Hands down, Germany has become the world leader in transforming its post-coal mined lands into solar farms, particularly in the nation’s eastern Lusatia region, where more than a century of intense surface mining has despoiled much of the landscape. According to a 2018 report, region-wide there are some 9 GW of solar project potential across nearly 50,000 hectares of torn up land. Spurred on by 2022’s energy crisis while looking long-term as the price of emissions certificates rise and global carbon budgets shrink, several European fossil fuel producers are re-evaluating their strategies, perhaps none more so than one of Europe’s dirtiest energy generators, LEAG. In 2022, this German-Czech company announced plans to close their lignite mines and replace them with new solar and wind farms built across their surfaces while they transform their existing power plants into battery and storage hubs. Lead blogger and podcaster, Michael Buchsbaum, takes us through their vision of supplying more than four million households with the clean electricity of the future, starting now. Read part 1, part 3 and part 4 of this series.
All posts tagged: Wind
Copenhagen’s Legendary Wind Park Middelgrunden at a Crossroads
The world’s largest wind farm two decades ago may not survive as a co-operative. At least this is what the Danish energy industry says. The co-op’s founders remain defiant – and optimistic. Paul Hockenos has the story.
Good riddance to 2020, but there was still cause for cheer
Given the flood of media we all experienced in 2020, in particular as we were stuck inside our homes, one of the challenges is finding and holding onto some of the good and positive developments in the stream. For his first blog post in 2021, our leader writer, L. Michael Buchsbaum reviews some of his energy transition highlights from 2020. This is by no means an exhaustive list. Once you’ve read through the end, please feel free to comment and share with us your own “good news” from 2020.
Amidst coronavirus, conditions in South Africa are ideal to fast-track renewables
As the South African government prepares to inject a stimulus package equivalent to 10 per cent of its GDP into the economy to aid recovery from the coronavirus recession, energy analysts say the time is right to fast-track renewable energy. More than state-funded investment, though, this will need political will and policy that builds private-sector confidence. Leonie Joubert reports.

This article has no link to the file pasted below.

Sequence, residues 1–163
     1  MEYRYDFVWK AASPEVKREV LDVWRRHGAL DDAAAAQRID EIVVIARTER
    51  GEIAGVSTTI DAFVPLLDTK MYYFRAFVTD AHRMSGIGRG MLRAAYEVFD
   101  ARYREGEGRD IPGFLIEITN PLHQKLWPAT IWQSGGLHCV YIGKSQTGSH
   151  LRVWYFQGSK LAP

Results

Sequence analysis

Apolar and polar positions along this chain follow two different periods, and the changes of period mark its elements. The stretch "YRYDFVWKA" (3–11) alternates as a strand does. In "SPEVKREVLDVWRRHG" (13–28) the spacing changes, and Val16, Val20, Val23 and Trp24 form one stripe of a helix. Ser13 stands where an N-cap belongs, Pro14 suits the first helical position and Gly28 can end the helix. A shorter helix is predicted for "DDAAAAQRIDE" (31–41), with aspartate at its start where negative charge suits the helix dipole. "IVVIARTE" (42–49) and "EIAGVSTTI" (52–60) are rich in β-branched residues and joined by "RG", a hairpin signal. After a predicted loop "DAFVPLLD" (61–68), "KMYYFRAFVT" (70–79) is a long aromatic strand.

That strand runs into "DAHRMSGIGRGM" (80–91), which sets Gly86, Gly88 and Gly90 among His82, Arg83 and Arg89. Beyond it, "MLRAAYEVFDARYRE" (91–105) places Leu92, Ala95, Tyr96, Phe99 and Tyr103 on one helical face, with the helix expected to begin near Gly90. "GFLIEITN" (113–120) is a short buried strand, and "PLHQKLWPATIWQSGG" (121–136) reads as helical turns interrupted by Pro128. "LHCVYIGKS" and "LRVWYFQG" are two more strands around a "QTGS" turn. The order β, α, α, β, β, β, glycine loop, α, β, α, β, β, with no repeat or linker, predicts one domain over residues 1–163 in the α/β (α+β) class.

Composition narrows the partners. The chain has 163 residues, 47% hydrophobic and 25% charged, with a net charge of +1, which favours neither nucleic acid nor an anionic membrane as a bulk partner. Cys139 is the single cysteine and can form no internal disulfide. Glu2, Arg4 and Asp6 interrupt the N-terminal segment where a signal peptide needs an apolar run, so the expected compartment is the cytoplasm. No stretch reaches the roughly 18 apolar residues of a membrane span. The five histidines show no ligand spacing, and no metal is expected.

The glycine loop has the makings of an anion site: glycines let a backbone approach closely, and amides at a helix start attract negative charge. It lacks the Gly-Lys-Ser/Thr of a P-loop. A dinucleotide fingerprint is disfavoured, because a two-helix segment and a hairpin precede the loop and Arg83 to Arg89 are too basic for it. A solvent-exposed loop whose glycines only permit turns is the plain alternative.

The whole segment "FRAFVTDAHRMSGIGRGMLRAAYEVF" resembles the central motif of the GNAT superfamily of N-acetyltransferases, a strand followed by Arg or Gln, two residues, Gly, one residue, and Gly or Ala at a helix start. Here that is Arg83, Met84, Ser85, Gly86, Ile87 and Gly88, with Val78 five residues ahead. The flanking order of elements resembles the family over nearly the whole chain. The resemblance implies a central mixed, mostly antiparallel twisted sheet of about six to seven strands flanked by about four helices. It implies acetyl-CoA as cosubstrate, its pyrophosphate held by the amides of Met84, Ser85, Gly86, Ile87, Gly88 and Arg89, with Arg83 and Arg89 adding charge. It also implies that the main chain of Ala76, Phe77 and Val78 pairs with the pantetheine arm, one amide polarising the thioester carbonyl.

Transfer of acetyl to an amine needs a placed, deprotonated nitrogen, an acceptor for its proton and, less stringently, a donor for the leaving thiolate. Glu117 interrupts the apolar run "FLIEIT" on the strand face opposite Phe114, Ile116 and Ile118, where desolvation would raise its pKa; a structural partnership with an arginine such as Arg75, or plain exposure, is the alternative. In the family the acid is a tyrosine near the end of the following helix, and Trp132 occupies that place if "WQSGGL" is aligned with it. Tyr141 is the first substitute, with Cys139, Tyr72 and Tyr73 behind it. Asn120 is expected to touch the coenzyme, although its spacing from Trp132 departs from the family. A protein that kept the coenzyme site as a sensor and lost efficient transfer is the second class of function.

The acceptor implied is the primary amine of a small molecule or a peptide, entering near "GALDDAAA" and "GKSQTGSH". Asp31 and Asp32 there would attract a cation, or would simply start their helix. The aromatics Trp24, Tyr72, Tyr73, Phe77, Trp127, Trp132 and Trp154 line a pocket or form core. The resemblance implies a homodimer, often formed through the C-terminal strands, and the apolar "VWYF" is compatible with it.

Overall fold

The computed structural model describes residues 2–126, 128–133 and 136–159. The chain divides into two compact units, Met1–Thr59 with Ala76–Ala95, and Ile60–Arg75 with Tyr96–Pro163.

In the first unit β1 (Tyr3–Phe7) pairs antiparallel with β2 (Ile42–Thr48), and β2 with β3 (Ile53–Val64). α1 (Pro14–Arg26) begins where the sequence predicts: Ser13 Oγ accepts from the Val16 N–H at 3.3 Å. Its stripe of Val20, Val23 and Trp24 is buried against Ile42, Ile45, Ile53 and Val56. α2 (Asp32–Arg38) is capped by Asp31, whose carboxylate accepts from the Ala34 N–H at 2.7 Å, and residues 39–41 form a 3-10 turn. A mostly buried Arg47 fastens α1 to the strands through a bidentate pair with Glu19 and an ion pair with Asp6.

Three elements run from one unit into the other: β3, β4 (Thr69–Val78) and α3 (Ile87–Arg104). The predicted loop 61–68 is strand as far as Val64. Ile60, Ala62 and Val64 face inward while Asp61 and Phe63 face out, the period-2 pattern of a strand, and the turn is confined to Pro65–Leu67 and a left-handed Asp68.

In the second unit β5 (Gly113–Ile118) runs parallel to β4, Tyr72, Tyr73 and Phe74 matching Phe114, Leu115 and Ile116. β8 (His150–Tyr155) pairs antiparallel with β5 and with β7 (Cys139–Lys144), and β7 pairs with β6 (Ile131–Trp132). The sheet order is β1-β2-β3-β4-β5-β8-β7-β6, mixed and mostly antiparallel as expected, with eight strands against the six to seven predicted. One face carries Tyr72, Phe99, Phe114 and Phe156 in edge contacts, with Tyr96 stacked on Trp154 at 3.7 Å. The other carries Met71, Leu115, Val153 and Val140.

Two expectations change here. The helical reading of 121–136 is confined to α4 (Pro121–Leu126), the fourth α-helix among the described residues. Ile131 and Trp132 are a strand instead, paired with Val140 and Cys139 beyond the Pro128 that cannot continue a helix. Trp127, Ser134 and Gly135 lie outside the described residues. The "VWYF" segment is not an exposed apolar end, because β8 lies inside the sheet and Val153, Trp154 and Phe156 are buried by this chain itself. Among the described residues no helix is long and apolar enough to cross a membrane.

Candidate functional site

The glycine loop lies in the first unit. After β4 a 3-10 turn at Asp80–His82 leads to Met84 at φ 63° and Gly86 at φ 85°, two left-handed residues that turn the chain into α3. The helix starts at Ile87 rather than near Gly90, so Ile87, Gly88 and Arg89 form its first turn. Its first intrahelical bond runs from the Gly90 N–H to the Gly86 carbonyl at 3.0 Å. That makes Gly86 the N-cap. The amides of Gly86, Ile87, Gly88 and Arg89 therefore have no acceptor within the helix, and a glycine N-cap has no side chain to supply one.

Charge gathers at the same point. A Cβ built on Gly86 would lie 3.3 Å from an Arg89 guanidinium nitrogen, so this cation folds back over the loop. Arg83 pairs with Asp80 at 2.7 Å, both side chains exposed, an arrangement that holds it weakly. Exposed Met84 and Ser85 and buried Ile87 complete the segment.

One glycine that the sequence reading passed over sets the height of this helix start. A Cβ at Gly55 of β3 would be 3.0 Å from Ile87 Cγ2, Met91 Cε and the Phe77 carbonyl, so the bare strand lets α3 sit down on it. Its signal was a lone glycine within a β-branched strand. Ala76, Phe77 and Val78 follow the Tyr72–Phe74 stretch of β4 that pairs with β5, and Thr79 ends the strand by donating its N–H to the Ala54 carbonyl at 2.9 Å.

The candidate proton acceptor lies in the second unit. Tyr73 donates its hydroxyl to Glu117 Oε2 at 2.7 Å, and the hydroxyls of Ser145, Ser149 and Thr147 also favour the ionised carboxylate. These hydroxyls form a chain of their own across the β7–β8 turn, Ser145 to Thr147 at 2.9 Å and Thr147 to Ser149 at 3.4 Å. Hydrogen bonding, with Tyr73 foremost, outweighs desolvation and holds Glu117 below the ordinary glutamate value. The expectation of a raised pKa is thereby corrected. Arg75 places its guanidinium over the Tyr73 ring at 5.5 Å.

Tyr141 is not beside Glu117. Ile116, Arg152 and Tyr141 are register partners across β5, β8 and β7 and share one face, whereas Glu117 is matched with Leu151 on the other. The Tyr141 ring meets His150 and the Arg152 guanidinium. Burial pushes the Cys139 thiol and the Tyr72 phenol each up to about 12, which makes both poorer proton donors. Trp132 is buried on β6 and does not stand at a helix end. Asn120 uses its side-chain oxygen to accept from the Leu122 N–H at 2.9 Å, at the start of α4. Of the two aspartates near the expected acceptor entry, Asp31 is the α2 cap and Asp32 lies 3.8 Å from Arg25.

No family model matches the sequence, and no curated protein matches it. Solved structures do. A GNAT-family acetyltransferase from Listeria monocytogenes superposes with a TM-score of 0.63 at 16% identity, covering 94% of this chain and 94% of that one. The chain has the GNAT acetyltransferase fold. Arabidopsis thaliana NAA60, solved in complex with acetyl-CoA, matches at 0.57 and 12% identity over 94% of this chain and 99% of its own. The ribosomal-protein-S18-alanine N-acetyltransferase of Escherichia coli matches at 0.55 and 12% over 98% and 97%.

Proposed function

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Is Floating Wind Energy the Next Big Thing?
Many experts say that offshore wind must go much deeper into oceans to help hit new climate targets. Massive turbines that float on the sea fit the bill – but the cost is still high. Paul Hockenos has the details. *
Who doesn’t like Polish wind power?
Despite the fact that the price of investment in onshore wind power is dropping massively as its efficiency surges, turbines are still unwanted in Poland. If it weren’t effectively blocked by unfavourable legal regulations, wind energy would create a chance to increase the importance of renewable energy sources. What is the reason for wind power’s bad image in Poland and who is suffering most as a result? Agata Skrzypczyk reports.
Siemens Gamesa Launches 14 MW Offshore Wind Turbine, World’s Largest
The new machine can be dialed up to 15 megawatts, and an even larger version is in the works, says Siemens Gamesa’s head of offshore technology. John Parnell reports for www.greentechmedia.com
Renewables: The End of Energy Globalization?
Over the last two centuries, energy trade has become increasingly global. Where wood was found and used locally, coal was mined and transported nationally, and oil emerged as a global commodity. Natural gas is also moving from regional markets to the global shipping of LNG. The same holds for energy demand, which is growing and shifting Southward, away from traditional OECD markets, to China, India, South-East Asia and Africa, as the International Energy Agency (IEA) confirms in its findings. Renewable energy harbors a number of characteristics that could potentially end this trend of increasingly global energy trade. Just Voskuyl and Daniel Scholten take a critical look at the bigger picture.
A Wind of Change for Greece’s Energy Transition?
After years of stagnation, the new government wants to speed up the energy transition in Greece. Can the vast potential of wind and solar energy finally be exploited following the slow-down of recent years? Daniel Argyropoulos fills us in on the details.
A Turning Point for Ukraine: Full-Scale Energy Transition or Re-established Gas Dependency?
For the Ukrainian energy sector, the beginning of the year was marked by the “Ukrainian Green Deal” proposal developed by the Ministry of energy and environmental protection. According to the Ministry’s vision for 2050 presented draft Green Energy Transition concept, Ukraine is set to step on the energy transition pathway and actively develop energy efficiency measures, phase out fossil fuels and switch to renewable energy sources (RES). But when it comes to near-term plans, further investments of public funds in nuclear and gas projects are still being considered by the government. Kostiantyn Krynytskyi, NGO “Ecoaction”, head of energy department and Oleh Savytksyi, Ukrainian Climate Network, climate and energy policy expert report on a country at crossroads.